Mexican law requires the use of seat belts, and the refusal to use a seat belt can result in a fine. Mexican seat belt regulations require that passenger vehicles and some commercial vehicles like tour vans and taxis have seat belts. According to the World Health Organization, 62 percent of deaths caused in traffic accidents occur in 10 countries and of those 10, Mexico comes in sixth place. This is because there little driver’s education and the department of transportation does not have the economic resources or manpower to enforce seat belt regulations.
Mexican Seat Belt Regulations
Mexican law requires both the driver and front seat passenger to wear seat belts, but passengers in the back seat do not have to do so. Children under the age of 12 should sit in the back seat. Children under the age of five must sit in a carseat fastened by the car seat belt in the back seat.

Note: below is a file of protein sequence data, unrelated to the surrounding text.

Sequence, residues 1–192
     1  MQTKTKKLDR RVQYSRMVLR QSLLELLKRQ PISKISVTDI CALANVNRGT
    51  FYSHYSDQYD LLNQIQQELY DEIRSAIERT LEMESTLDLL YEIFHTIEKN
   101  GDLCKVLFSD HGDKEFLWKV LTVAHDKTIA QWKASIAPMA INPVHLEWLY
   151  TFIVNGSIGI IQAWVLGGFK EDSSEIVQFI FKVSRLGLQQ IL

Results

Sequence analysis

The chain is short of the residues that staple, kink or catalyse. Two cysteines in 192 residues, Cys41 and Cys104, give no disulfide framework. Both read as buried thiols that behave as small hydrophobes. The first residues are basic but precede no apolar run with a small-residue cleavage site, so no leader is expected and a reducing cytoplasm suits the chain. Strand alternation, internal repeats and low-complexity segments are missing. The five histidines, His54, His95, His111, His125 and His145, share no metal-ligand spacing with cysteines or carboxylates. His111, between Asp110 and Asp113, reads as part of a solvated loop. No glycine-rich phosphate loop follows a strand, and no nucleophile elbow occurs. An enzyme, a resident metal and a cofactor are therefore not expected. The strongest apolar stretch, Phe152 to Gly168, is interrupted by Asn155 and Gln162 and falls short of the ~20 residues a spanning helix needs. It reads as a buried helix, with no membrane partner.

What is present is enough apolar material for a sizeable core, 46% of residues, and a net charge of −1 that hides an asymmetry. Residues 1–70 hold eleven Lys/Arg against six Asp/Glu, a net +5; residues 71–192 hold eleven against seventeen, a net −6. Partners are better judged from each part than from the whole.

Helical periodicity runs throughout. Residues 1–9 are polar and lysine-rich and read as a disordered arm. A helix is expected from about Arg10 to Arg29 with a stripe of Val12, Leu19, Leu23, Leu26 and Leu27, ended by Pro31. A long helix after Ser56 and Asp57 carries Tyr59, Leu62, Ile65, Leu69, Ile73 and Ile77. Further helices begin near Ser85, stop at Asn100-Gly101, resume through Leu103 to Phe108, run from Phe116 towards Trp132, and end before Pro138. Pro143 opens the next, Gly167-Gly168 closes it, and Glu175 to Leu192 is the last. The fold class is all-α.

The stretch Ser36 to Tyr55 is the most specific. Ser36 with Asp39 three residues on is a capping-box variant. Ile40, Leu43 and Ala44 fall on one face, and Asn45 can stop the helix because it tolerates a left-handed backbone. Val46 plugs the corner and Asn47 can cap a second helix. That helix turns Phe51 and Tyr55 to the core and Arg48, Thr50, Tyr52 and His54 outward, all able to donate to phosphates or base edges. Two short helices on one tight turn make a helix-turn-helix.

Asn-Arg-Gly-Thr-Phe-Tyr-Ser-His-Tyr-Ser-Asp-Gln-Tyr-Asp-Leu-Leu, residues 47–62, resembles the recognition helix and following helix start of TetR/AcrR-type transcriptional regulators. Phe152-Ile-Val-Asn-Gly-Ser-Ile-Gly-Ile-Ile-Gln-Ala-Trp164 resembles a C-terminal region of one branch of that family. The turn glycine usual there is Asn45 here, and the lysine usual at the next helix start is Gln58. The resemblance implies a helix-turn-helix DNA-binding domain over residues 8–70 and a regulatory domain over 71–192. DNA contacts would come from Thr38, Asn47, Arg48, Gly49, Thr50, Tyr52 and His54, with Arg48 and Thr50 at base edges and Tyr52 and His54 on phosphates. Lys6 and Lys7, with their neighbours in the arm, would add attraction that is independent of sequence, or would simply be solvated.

Seat Belt Compliance
Larger cities in the country like Mexico City and Monterey, which have higher municipal incomes, do a better job of enforcing seat belt laws. During special public awareness campaigns, transportation officials stop and fine drivers who are not in compliance with the law. However, enforcing seat belt regulations throughout the year is still a challenge. In other areas of Mexico, the seat belt law is rarely enforced and if drivers are not in compliance, they are very rarely fined.
Mexico's solution to this issue includes promoting public awareness and developing newer technologies when it comes to imposing traffic fines. Unfortunately, the low economic status of Mexico causes these changes to come into effect very slowly. New traffic cameras, computer networking and added personnel could help solve the problem.